I pulled out my phone, called my co-teacher, and told her that I was trapped at the Bunam bus terminal. I expected her to tell me to try and head back home, but instead, she told me that she had an idea to still get me to Gucheon school. She needed to make a phone call, but she promised to call right back.

A couple of minutes later, she called back and told me to walk to the Chinese restaurant to be “delivered” to school.

Apparently, the delivery guy had snow tires, and was willing to “deliver” me to school if the teachers ordered food (which they gladly did).

I waited in the lobby of the restaurant until the food was ready, and hopped into the taxi waiting out front (yes, the delivery guy was also a taxi driver). I was squeezed into the back seat in between boxes of food and an old woman (I have no idea who she was or why she was there. Maybe she was being “delivered” too…).

He sped his way toward school, grumbling at all of the cars that had pulled off to the side of the road. Two and a half hours after I left home, I finally arrived at school.

I walked into class, and was shocked to find that every single one of my students were there. All thirteen of them. I began my lesson with some warm-up activities, a few icebreakers, and a short Pixar clip. Barely fifteen minutes into my main lesson, six of my students stood up, looked at the clock, and told me that they had to go. They explained that since there were no more buses, one of parents was going to come and pick them up. I continued my lesson with the remaining seven students. Twenty minutes later, one of the teachers came into class and said that he had to drive some more of the students home, so I watched as another five of my students left. With only two students remaining, I decided to drop my lesson, and teach them how to play scrabble instead…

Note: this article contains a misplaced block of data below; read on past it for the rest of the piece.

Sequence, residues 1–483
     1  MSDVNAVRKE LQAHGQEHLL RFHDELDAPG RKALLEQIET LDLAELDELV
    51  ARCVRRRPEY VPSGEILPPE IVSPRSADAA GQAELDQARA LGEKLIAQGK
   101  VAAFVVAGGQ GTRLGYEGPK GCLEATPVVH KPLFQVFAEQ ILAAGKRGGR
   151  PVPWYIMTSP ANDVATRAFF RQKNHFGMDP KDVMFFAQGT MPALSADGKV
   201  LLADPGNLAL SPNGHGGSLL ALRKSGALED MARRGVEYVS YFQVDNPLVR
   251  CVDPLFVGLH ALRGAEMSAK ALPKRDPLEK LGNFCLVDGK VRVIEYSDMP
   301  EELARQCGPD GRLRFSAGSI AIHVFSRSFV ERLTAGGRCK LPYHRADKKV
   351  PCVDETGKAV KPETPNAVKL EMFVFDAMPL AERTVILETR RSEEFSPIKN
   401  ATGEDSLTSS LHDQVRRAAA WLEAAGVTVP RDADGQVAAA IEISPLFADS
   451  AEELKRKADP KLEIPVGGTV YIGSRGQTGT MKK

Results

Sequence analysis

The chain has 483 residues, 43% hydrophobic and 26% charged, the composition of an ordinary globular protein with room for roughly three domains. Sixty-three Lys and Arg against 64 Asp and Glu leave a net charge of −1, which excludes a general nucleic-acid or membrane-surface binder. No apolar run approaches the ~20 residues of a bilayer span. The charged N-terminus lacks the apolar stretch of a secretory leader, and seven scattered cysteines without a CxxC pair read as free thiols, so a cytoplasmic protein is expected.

At the end of the day, one of the teachers offered to drive me to the bus terminal. Since there were no more buses running back through the mountains, he proceeded to try and hunt down a taxi driver who was willing to do the dangerous trek.

The first taxi driver that arrived offered to drive me through the mountains for fifty dollars. The teacher negotiated him down to forty, but grabbed me at the last second before I was about to hop in the car. He noticed that the taxi didn’t have snow tires, so he refused to let me go with him. After a brief argument, the taxi driver drove away, and almost immediately another taxi pulled up. This taxi had snow tires, and the driver offered to drive me through the mountains for twenty dollars. It sounded too good to be true, but with a nod of approval from the teacher, I hopped into the taxi and headed home.

That was one hell of a first day of school. I don’t know how I am going to survive the week…

- Ken


  1. You're aging me by the day Ken with these stories!!!

  2. *Note to self ship snow tires to Ken for the following reasons: A) for the pure amusement of shipping snow tires across the world B) so Ken can turn himself into Cyborg and not need to pay cabbies to drive him into the mountains ! ^_^

  3. That is very funny...LOL....